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    Sale 7621

    A Private English Collection of White Jade Carvings & Fine Chinese Ceramics and Works of Art Including Export Art

    4 November 2008, London, King Street

  • Lot 260

    A RARE CHINESE EXPORT COFFEE-POT AND COVER FOR THE PORTUGUESE MARKET

    EARLY QIANLONG, CIRCA 1740

    Price Realised  

    A RARE CHINESE EXPORT COFFEE-POT AND COVER FOR THE PORTUGUESE MARKET
    EARLY QIANLONG, CIRCA 1740
    With squat globular body, slightly waisted cylindrical neck, slender serpentine spout and elaborate scroll handle, brightly enamelled primarily in yellow, blue, iron-red and shades of green, with touches of pink, with large stylised flower heads, strapwork, arabesques and acanthus leaves, the ogee domed cover similarly decorated below the bud finial
    9¾ in. (25 cm.) high


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    The shape of this extremely rare, if not unique, coffee-pot probably copies a European silver or faience form. Although closely related to an armorial service made for the Portuguese market in circa 1740, of which more later, a few examples of non-armorial wares are recorded. They are mostly decorated in this unusual palette and several variations in the patterns can be found. In addition to this coffee-pot, there is a teacaddy and cover of this design in the Victoria and Albert Museum, London (c:90 & A-1963), so it would appear that a tea and coffee service was ordered in addition to a dinner service.

    A wine-cooler from the Collection of F. Cini, in the Pinacoteca Capitolina in Roma, has an almost identical design to the present lot (see Alessandra Mottola Molfino, L'Arte della Porcelana in Italia, 1976, no. 10, where it is erroneously described as Vezzi porcelain). A pair of identical wine-coolers is illustrated by A. du Boulay, Christie's Pictorial History of Chinese Ceramics, Oxford, 1984, p. 283, fig. 13; and another, single wine-cooler was sold, Sotheby's London, 20 June 2001, lot 389, together with two pairs of tazze of similar design as lots 390 and 391. A composite dinner service, showing many of the variations in the patterns, was sold Sotheby's London, 16 May 1995, lots 180 - 188, amongst which the largest pair of tureens and covers, lot 180, is of very similar design to the present lot. Two tureens and covers modelled standing on four claw and ball feet and lavishly decorated with a related design were exhibited China Trade Porcelain, China Institute in America, 1973, catalogue no. 32, p. 47, where Clare Le Corbeiller explains that the form of the tureens, and especially the feet, are close to models used by Du Paquier (1718-44) at his factory in Vienna. (see J. F. Hayward, Viennese Porcelain of the Du Paquier Period, 1950, pl. 70, and pl. 18 for a wine-cooler with similar handles to the tureens). M. Beurdeley illustrates a tureen, cover and stand from one of the related services, which is in the Medeiros e Almeida Collection, Lisbon, in Porcelain of the East India Companies, London, 1962, fig. 59, p. 83, where he suggests that this tureen was inspired by the wares of Alcora, after designs by Bérain.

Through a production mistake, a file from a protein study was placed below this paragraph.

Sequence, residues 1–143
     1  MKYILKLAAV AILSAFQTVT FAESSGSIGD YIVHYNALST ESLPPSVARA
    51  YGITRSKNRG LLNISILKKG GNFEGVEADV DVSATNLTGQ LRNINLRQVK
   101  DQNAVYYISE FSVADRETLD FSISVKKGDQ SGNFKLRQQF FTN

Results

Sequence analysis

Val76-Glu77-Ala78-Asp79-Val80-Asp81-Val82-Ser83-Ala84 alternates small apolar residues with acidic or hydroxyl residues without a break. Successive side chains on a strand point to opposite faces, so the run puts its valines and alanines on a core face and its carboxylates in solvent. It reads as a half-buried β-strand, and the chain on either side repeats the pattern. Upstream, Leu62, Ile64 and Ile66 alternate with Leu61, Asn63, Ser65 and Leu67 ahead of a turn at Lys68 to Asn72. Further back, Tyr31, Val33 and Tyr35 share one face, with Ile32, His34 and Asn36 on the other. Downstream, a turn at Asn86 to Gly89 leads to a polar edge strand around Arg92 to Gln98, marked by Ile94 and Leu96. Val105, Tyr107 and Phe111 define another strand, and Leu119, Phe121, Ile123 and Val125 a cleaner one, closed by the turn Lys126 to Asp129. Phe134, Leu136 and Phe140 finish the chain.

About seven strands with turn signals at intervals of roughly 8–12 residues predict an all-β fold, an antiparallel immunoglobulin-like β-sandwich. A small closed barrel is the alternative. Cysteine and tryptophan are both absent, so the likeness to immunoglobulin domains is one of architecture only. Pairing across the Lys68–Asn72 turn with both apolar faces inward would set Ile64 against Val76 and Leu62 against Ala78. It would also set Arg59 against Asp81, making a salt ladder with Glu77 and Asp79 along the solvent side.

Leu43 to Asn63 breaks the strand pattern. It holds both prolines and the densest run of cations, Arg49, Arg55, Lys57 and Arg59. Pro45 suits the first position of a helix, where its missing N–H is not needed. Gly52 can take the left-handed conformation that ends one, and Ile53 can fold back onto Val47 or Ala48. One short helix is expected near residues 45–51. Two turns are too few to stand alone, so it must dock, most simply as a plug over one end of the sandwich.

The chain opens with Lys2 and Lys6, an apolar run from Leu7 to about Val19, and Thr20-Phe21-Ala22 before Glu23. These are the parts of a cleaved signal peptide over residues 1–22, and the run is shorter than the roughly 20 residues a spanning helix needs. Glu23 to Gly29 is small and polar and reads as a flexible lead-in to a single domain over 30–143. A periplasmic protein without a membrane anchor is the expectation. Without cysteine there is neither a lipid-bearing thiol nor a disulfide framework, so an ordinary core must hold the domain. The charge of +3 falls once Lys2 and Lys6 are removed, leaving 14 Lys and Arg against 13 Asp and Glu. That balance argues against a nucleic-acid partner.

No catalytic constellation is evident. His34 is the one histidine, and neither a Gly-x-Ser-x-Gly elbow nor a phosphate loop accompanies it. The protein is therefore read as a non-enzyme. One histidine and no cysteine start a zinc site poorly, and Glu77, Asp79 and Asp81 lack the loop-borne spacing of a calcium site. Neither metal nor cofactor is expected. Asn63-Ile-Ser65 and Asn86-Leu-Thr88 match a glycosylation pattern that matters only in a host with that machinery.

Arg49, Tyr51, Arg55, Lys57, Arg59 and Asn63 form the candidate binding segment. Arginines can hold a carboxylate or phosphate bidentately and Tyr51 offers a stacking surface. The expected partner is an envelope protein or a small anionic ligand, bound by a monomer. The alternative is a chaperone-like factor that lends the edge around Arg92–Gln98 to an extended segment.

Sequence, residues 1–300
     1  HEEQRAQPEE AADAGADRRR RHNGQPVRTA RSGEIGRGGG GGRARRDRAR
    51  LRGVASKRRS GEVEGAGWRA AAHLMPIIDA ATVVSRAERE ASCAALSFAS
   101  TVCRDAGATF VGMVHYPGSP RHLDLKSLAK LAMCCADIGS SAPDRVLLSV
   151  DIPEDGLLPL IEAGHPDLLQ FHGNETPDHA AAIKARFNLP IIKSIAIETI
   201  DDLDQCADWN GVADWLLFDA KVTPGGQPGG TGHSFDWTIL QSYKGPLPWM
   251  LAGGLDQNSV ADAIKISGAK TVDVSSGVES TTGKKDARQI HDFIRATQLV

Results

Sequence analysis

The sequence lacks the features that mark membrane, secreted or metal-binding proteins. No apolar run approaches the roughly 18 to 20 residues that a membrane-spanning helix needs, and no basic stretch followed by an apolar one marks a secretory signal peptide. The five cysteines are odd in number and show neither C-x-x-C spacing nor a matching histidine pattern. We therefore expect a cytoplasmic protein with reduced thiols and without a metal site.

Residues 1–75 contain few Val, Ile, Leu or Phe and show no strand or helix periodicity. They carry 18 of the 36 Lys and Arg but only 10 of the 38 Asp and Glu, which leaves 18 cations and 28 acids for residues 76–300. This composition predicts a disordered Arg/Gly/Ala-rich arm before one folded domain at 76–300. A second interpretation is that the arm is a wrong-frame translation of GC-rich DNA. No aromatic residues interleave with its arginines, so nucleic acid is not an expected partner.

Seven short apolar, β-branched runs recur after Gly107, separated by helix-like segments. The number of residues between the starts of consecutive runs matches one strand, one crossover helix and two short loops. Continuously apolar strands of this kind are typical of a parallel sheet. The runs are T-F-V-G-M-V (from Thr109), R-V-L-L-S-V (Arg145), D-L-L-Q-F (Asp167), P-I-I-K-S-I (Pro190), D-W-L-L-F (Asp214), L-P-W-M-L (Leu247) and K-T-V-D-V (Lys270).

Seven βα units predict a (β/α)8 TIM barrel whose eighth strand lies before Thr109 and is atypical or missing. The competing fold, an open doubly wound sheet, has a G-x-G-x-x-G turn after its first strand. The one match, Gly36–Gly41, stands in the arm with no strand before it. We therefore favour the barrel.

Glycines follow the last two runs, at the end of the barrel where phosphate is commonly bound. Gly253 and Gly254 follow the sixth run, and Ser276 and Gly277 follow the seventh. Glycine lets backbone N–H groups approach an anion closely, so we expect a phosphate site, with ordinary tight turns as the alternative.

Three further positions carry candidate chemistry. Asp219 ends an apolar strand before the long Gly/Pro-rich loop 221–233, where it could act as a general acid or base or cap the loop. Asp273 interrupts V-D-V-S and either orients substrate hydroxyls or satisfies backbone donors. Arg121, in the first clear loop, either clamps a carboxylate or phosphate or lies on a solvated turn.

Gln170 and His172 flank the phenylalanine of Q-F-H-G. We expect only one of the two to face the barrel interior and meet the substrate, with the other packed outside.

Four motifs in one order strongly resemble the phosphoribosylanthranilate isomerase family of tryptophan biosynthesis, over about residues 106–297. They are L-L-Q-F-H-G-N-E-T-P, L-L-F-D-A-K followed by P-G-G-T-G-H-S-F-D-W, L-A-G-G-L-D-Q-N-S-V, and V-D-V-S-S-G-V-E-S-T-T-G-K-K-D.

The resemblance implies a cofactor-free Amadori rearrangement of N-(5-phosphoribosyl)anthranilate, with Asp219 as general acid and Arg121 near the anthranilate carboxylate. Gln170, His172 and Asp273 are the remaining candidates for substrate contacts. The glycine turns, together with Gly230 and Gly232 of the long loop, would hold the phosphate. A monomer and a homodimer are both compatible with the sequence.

Very closely related to this coffee-pot is the second of three Chinese services bearing the coat-of-arms of Dom José Ribeiro da Fonseca Figueiredo e Sousa, who was appointed Bishop of Oporto in 1739 (see N. de Castro, Chinese Porcelain and the Heraldry of the Empire, Oporto, 1988, pp. 87 - 89). The shape of the pieces in all three services also copy silver or faience forms and it is interesting to observe that on either side of the spout of the coffee-pot in this lot there is the profile of a human head painted onto a yellow dragon-like motif. This very unusual motif is also evident, although not as obviously, amongst the border decoration on this second armorial service (ibid. p. 88). The handles of the tureens and wine-coolers in all three services, as well as those on the non-armorial services, are variously modelled as human heads. Several examples of the Fonseca service are in the Museo Civico d'Arte Antica in Turin, where until recently they were attributed to the Venetian factory of Vezzi (active 1720-1727). However, the Museum has now amended their attribution to Chinese, and dated them to circa 1740. The Turin examples are illustrated by Molfino, op.cit., nos. 9, 11 and 12, and colour plate I.

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